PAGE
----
As the architect of the crackdown, Crown Prince Mohammed bin Salman, prepares to travel to the USA this month to court American investment, Saudi officials are spotlighting his reforms: his promise to let women drive, his plans to expand entertainment opportunities and his moves to encourage foreign investment.
The latest revelations came ahead of a high-profile visit to the United States by Crown Prince Mohammed bin Salman. British government officials met with their Saudi counterparts during Crown Prince Mohammed's visit to Britain last week.
He has a close relationship with Trump and his son-in-law aide Jared Kushner, who is seen as having given the green light for Prince Mohammed's rush to consolidate power in recent months.
NY and London have been front-runners to host the company's global flotation, alongside a Riyadh listing.
The company has not only been the primary source of Saudi revenue (there were, until recently, no taxes), it has also historically been used to move oil prices.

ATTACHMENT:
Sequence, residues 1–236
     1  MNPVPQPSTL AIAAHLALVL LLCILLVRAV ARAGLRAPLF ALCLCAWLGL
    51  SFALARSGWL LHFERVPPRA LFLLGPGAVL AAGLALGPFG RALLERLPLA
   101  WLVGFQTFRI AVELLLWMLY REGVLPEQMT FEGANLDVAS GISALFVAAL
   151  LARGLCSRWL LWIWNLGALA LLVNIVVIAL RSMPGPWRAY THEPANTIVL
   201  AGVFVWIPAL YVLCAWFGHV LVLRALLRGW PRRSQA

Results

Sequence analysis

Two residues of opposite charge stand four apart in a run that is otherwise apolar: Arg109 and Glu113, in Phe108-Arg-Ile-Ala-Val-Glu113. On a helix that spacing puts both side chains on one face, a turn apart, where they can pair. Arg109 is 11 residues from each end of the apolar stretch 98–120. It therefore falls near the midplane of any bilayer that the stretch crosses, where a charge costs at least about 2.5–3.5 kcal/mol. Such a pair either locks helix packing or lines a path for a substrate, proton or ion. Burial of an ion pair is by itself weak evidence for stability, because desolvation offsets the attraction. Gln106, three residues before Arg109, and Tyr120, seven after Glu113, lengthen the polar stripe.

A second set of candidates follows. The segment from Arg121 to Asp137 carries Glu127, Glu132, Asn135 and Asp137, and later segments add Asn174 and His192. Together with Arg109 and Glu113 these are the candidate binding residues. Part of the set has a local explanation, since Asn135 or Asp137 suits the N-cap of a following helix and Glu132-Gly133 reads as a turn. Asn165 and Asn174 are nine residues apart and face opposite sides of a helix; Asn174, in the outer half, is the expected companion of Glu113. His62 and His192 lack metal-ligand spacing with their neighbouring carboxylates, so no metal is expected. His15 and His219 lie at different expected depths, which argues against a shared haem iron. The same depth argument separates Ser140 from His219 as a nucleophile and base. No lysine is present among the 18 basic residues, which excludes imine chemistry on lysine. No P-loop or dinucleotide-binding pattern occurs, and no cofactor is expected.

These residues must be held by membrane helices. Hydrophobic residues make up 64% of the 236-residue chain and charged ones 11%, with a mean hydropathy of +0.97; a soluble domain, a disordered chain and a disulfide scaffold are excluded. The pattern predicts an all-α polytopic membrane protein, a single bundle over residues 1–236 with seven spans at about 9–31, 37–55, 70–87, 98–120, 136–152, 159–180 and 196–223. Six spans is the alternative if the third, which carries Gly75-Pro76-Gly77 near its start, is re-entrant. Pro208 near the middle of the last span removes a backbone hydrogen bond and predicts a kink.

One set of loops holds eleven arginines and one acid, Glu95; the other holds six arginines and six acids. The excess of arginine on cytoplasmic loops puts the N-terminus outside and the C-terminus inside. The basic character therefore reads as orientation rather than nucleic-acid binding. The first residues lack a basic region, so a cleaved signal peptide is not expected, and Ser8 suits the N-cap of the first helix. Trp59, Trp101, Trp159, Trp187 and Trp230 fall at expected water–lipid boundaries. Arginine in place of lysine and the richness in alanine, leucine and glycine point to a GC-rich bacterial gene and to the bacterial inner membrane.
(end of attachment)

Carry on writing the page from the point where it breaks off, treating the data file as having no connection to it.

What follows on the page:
King Salman also announced that an anti-corruption conference will be held in April at which combating corruption in privatisation programs will be discussed, the Saudi government website reported.
Saudi king calls for anti-corruption units five months into purge
Saudi Arabia has laid out plans for Aramco's dual listing on the Saudi stock market and an global exchange, with markets in New York, London and Hong Kong vying for the offering. Bankers and analysts said an Aramco float risked drowning out other shares listed on Tadawul, given daily turnover now is about $1.6 billion.
"My fear is that they are not prepared for this new world", Floris Ansingh, a former head of Royal Dutch Shell in Saudi Arabia, said of Aramco. Princes who led military forces and appeared in glossy magazines are monitored by guards they do not command.
Trump visited Saudi Arabia previous year on his first foreign trip as president.
On Sunday, the king called for the creation of the new bodies that are meant to "increase effectiveness" and accelerate the process of combating corruption, Attorney General Sheikh Saud al-Mojeb said in an information ministry statement.
Representatives for Aramco did not immediately respond to a request for comment.
Aramco itself has worked to prepare itself for a listing, though all the major decisions - including when and where the company will be listed - will ultimately be made by its current shareholder, the Saudi government.